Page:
The difference in the treatment of Michael Vick and Donté Stallworth by the media, teammates, the NFL, and the general public reveals a great deal about our culture. The picture painted is not a pretty one.
If you've never heard of Stallworth, don't be surprised. Unless you're a fan of the Cleveland Browns, or unless you closely follow the NFL, you probably have no idea who he is.
On March 14 in Miami, Stallworth, a 28-year-old wide receiver for the Browns, struck and killed 59-year-old Mario Reyes. According to his blood test, Stallworth's blood-alcohol level after the crash was .126, which was well above Florida's legal limit of .08.
This event received significant coverage by the sports media but scant coverage otherwise. On May 19, I did a Google search of "Danté Stallworth kills pedestrian" and got about 69,700 links ("Donté Stallworth kills man" yielded about half this result.). I then Googled "Michael Vick dog fighting" and I got about 688,000 links, nearly 10 times more than the Stallworth search.
Granted, such an activity is not a very scientific comparison. After all, Vick's story has been around much longer, but it is not a far cry to conclude that the coverage of Vick's incident far surpasses any reporting of Stallworth's incident.
Even when there were only suspicions about Vick's involvement in dog fighting, he was quickly ostracized and many people distanced themselves from him. About a week after Vick was officially charged on July 23, 2007, citing the league's conduct policy, NFL commissioner Roger Goodell ordered Vick not to report to training camp until the NFL reviewed the dog fighting charges.
Protesters, especially those representing the radical animal rights group PETA, gathered at the Falcons' training facilities and outside the NFL's offices in New York. Falcons owner Arthur Blank called Vick's behavior "horrific."
Four days after he struck and killed a man, Stallworth reported to the Browns' voluntary offseason workouts. His attorney, Chris Lyons, said, "Donté reported to the Browns on Wednesday morning and he's been welcomed back by everyone — his teammates, the management, the coaching staff — and they've all been extremely supportive."
After Stallworth was charged with DUI manslaughter, according to ESPN, "NFL spokesman Greg Aiello said the league will review the case under its conduct and substance abuse policies."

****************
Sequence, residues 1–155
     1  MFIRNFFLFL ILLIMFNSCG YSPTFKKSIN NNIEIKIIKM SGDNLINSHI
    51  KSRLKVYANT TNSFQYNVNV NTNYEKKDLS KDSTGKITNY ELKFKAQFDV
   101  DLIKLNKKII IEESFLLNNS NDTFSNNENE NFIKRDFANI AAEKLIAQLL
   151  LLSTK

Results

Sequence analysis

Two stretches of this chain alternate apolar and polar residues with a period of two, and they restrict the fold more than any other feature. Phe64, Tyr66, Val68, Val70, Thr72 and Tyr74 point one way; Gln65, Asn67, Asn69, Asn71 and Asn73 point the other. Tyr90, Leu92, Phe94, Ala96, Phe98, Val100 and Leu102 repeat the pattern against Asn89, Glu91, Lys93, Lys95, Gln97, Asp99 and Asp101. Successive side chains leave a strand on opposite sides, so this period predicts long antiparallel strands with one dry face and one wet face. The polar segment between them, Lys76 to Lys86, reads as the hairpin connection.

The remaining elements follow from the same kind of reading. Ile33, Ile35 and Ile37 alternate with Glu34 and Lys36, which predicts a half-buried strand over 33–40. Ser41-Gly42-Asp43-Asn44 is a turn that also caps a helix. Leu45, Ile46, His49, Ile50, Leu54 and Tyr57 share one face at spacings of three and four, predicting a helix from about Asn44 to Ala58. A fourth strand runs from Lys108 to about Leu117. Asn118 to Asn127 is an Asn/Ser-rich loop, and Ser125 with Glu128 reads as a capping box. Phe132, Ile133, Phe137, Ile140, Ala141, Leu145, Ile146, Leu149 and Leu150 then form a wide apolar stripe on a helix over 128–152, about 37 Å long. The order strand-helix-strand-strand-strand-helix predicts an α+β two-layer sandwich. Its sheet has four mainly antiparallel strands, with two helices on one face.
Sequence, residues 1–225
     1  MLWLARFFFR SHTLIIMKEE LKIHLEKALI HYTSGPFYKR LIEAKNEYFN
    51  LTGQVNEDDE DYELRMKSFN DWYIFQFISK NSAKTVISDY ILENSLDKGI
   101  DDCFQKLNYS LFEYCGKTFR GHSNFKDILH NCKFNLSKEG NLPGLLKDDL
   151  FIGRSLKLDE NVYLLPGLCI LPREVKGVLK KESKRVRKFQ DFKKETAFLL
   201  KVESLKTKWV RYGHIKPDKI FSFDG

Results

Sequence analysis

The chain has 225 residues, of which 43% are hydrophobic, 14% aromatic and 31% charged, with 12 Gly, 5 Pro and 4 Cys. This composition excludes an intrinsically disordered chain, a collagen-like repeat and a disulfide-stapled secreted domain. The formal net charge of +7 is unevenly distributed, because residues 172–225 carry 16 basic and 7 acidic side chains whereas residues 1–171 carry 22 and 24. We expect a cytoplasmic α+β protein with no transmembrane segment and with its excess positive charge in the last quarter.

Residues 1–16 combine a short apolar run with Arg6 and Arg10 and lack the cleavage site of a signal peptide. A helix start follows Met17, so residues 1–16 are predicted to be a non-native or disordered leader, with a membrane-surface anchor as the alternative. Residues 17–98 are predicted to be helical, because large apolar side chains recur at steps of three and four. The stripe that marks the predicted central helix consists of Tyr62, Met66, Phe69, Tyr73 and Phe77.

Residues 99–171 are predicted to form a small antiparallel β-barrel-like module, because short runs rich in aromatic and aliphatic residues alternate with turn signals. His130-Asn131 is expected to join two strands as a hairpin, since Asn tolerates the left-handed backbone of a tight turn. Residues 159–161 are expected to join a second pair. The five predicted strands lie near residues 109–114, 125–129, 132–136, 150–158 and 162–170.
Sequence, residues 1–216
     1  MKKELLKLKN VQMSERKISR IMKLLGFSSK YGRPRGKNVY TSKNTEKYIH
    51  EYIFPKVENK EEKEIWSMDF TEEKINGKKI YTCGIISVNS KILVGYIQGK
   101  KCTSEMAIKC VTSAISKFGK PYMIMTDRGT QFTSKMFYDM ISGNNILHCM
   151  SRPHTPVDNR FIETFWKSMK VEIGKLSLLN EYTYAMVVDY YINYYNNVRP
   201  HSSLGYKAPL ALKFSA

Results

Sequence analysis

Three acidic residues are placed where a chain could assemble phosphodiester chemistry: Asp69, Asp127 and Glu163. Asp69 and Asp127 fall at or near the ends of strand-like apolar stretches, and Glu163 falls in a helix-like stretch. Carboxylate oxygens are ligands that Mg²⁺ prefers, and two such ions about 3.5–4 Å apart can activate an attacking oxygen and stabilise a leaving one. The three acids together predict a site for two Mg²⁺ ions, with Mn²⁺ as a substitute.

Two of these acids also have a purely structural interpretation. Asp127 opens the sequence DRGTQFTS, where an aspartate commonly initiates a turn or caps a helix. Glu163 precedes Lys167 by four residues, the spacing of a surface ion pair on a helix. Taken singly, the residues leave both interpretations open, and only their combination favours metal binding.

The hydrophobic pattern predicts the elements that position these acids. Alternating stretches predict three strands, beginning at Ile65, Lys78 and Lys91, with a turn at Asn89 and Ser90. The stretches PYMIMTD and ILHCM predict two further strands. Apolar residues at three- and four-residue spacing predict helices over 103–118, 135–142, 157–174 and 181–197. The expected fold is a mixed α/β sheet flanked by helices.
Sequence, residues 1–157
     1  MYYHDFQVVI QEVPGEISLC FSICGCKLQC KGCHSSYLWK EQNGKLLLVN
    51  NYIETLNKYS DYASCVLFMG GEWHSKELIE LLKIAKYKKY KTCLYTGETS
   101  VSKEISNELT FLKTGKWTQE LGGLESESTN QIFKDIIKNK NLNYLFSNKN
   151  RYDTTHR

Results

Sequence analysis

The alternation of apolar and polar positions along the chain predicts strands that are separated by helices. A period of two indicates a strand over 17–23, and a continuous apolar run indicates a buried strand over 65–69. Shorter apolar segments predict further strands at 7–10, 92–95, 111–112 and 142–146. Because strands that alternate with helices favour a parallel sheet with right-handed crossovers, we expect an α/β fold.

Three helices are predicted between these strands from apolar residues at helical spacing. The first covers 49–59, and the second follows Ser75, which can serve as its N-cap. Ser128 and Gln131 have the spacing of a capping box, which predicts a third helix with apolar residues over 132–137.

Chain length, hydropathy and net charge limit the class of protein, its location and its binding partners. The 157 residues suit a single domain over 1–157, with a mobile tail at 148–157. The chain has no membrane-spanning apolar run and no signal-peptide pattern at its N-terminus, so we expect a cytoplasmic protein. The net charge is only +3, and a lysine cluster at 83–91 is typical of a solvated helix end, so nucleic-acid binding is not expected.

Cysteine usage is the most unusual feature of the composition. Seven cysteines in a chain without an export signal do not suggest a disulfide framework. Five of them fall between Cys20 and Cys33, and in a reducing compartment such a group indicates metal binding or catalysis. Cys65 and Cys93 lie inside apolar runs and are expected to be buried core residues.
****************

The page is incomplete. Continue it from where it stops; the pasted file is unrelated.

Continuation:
Aiello stated, "As the state attorney has said, this was a tragic accident that raises serious issues and we join all those who have expressed their sympathies to the Reyes family."
No condemnation, no protests outside Browns facilities, and no mention of suspension from the NFL.
When searching for articles on Stallworth's story, you will often see the event described as a "tragedy," an "accident," or a "mistake." It is also easy to find sympathetic quotes from teammates. Cleveland Plain Dealer reporter Mary Kay Cabot did a story in early April detailing the support from teammates that Stallworth was receiving. Browns linebacker D'Qwell Jackson said, "people should know that Donté is a great person who made a terrible mistake, not a terrible person."
What Vick did was a "mistake." He deserved to be punished by both the criminal justice system and the NFL. However, what Stallworth did was "horrific." He took the life of another human being and now faces four to 15 years in prison if he is convicted.
As Vick approaches the end of his sentence, there is much discussion about his return to the NFL. Vick was suspended for the 2007 season and missed the 2008 season while in jail. It will be interesting to continue to follow and contrast these two stories.
If he is guilty, how will Stallworth's jail time compare to Vick's? What will be the reaction of the NFL, the media and the public to these ongoing sagas?
One thing is already clear: what a sad indictment on our culture that a man who mistreats (or even kills) animals has been so viciously condemned, while another man who may be guilty of manslaughter hardly draws the public's attention.
Perhaps the greatest tragedy here is the twisted set of morals that allows for such behavior.
Trevor Thomas is a Gainesville resident and frequent columnist. His columns appear regularly.